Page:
Director: Bobcat Goldthwait
Writer: Bobcat Goldthwait
Producers: Jeff Culotta, Sarah de Sa Rego, Richard Kelly, Sean McKittrick
Starring: Joel Murray, Tara Lynne Barr
Country of Origin: USA
MPAA Rating: R
Running time: 99 min.
While a couple on the run setting fires to America’s citizens and their warped sense of “good” isn’t really anything all that new, Bobcat Goldthwaite is able to take the idea and add some twists to the idea; while more importantly stirring in some pretty clever and funny dialogue to boot.
Frank is a slave to the everyday corporate grind (in a cube). His family life is gone, everyone surrounding him is an over-the-top caricature of a pop media drone and society as a whole seems hell bent on almost purposefully dumbing itself down into an “Idiocracy.” Rather than offing himself, Frank decides that maybe in the interest of preserving or “fixing” society as he knows it, it would be better to get his hands dirty and start taking care of business. Which would entail exterminating those responsible for such abhorrent behavior and their mentalities. Along the way he picks up an admiring high school girls who sees the world as just as “dead” as Frank does. Together they’re on the run, eliminating all those that “deserve to die.”
The bullets and violence that one expects from this sort of fare is fun for a while, but slowly loses its impact and sick fun fairly quickly. Especially since the movie can never elevate itself beyond the awesome depravity of the opening scene in Frank’s neighbor’s house, with whom he shares a wall. What works surprisingly well however and keeps the movie chugging along at a pretty even pace, are the two lead performances in Joel Murray and Tara Lynne Barr; the former ironically appearing only in Disney related projects previously. The two play their parts with gusto and their moments of “extreme dialogue” are moments not to be scoffed at. Skewering of everyone from the obvious (Fox News, American Idol, Westboro Church, etc.) to the more fun and obscure (Diablo Cody, cinema texters, or people who give high fives and misuse the word “literally” [YES!]).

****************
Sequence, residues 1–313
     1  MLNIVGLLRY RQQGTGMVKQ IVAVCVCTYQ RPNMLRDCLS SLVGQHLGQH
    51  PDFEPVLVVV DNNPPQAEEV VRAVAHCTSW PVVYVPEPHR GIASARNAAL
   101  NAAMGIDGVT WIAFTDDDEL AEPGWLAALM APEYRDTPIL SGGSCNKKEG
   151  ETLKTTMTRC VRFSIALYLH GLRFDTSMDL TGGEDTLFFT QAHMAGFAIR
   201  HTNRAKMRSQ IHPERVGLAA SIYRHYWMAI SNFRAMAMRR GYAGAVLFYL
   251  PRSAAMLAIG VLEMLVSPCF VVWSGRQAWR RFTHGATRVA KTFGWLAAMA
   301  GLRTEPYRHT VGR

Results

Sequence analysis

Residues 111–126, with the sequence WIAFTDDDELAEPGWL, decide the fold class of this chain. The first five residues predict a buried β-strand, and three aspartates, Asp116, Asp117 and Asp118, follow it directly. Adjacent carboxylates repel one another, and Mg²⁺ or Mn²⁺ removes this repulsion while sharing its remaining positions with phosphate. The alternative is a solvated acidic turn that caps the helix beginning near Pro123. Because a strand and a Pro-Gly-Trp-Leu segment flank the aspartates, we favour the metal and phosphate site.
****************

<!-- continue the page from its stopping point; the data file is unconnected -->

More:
So there’s certainly fun to be had and it never overstays its welcome – though it comes close near the end. Bobcat clearly has something to say and the movie doesn’t take long to say it. It must survive solely on its witty dialogue and outlandish violence. The violence is never all that outlandish or creative however. Nevertheless the film still works, resting on the squarely on the shoulders of the two leads.
Is it offensive as it could be or arguably should be? Not really. I felt it really pulled back on some of its punches and the people that need to see this movie probably won’t anyway. Is it hypocritical? Yeah, I could maybe see the spouting of that line for that critique but c’mon; it’s a comedy first and foremost and isn’t all that particularly deep so I don’t think it’s worth the argument. Is it anti-American? That too is a line that might be drawn. I do think it comes dangerously close at times in commenting negatively on the country itself rather than society and the people within the country. But again, it’s a line that isn’t really crossed and thereby once again does not come off as hypocritical – though easily could’ve been.
Audience laughed. Audience had a good time. Audience nodded/applauded approvingly (particularly with Frank and Roxy dispatching of some texting/talking teens in a movie theater). Some audience walked out. That about sums up the film in two lines.
As an aside, Goldthwaite himself was at my screening and he’s very charming and funny and an all-around nice guy. He hung out with fans afterwards and took pictures and signed stuff. SUPER cool guy!
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